We can take questions and answers from forums and call logs and make them available to the re-ranker. Not only does this give us responses to extremely nuanced questions, it also means we can speak the customer’s language – if that’s what a client wants.

If a business wants to present themselves very formally, we will probably limit the selection of conversations sent to the Encoder model. But if the business wants to appear more down-to-earth, we can broaden the conversational interpretation to responses from a customer service team or from embedded responses on a forum. It gives us an axis of formality/informality, and it also means we have a constant cultural reference to remain relevant as audiences and languages change.

By the way, being human doesn’t mean deceiving the customer. We don’t pretend that our AI is human. At the beginning of a conversation, our bot will say “Hi, I’m Travelodge’s Virtual Agent”, for example. Many of our clients give their customers the choice to speak to a Virtual Agent or a real one.

Interestingly, we also need to train humans to be humans, too. You can interrupt our AI; you can ask it tangential questions to the original purpose of the call; but we did some user testing last week and people don’t do that. Why? Because, behaviourally, they’ve been using Google Assistant, Siri, and the other current crop of really limited chatbots which can only do what you directly ask them to do. We are actually going to have re-educate  people to be more human themselves!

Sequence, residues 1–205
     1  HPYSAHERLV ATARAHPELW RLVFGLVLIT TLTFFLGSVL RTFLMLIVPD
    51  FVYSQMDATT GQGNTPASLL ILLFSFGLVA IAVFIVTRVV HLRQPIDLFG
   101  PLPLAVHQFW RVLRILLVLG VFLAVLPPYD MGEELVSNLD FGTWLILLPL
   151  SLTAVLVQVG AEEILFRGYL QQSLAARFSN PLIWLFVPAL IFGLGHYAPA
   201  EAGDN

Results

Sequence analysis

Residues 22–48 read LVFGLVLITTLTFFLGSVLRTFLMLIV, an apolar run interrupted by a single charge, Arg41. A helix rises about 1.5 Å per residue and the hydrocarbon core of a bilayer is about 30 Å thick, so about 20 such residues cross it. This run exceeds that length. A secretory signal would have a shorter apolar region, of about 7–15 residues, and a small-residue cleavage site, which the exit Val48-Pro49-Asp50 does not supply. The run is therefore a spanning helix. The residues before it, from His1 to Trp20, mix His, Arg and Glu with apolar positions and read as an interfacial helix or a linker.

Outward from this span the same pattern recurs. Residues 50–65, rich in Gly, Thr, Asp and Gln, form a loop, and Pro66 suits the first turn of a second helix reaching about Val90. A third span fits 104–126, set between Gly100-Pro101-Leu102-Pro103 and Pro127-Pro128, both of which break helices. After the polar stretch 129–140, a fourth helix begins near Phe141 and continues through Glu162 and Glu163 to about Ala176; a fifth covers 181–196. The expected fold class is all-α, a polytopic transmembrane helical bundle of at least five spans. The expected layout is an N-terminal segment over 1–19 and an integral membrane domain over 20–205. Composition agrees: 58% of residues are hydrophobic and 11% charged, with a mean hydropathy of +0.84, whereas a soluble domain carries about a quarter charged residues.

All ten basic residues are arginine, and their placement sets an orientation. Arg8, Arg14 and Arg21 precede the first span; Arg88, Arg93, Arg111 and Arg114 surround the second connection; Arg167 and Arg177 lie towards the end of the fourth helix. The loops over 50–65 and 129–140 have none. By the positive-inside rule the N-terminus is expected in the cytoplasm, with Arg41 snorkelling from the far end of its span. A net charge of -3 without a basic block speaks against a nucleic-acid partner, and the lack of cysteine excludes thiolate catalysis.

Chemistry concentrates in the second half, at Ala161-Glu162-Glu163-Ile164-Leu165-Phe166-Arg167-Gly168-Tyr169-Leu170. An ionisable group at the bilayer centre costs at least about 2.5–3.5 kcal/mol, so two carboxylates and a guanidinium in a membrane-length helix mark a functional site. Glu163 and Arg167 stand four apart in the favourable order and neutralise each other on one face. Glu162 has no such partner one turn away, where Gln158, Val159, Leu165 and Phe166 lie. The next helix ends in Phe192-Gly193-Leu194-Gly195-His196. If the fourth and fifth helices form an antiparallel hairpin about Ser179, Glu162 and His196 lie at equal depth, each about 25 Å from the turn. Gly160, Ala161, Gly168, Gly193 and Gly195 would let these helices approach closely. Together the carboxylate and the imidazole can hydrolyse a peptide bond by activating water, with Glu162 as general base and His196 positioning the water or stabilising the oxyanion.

What’s the metric of success for Poly AI?

Right now, it’s accuracy: accuracy in understanding intent and finding the appropriate response, which naturally ties into the percentage success rate of end-to-end automated calls and ultimately satisfaction and NPS. That’s actually our business model: we don’t charge customers for access to our technology; we charge them per successful transaction, which aligns our interests with our clients’.